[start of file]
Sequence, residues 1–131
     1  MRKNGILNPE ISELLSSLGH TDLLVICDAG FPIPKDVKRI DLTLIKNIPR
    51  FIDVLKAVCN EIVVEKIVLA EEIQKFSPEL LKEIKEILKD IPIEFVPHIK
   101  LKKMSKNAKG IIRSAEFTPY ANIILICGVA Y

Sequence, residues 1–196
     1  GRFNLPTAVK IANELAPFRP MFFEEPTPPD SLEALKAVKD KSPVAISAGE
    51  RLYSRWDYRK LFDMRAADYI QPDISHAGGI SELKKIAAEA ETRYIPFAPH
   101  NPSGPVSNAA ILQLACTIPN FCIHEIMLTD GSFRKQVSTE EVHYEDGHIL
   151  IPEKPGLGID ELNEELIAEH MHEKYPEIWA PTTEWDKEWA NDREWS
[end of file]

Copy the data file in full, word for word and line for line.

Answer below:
Sequence, residues 1–131
     1  MRKNGILNPE ISELLSSLGH TDLLVICDAG FPIPKDVKRI DLTLIKNIPR
    51  FIDVLKAVCN EIVVEKIVLA EEIQKFSPEL LKEIKEILKD IPIEFVPHIK
   101  LKKMSKNAKG IIRSAEFTPY ANIILICGVA Y

Sequence, residues 1–196
     1  GRFNLPTAVK IANELAPFRP MFFEEPTPPD SLEALKAVKD KSPVAISAGE
    51  RLYSRWDYRK LFDMRAADYI QPDISHAGGI SELKKIAAEA ETRYIPFAPH
   101  NPSGPVSNAA ILQLACTIPN FCIHEIMLTD GSFRKQVSTE EVHYEDGHIL
   151  IPEKPGLGID ELNEELIAEH MHEKYPEIWA PTTEWDKEWA NDREWS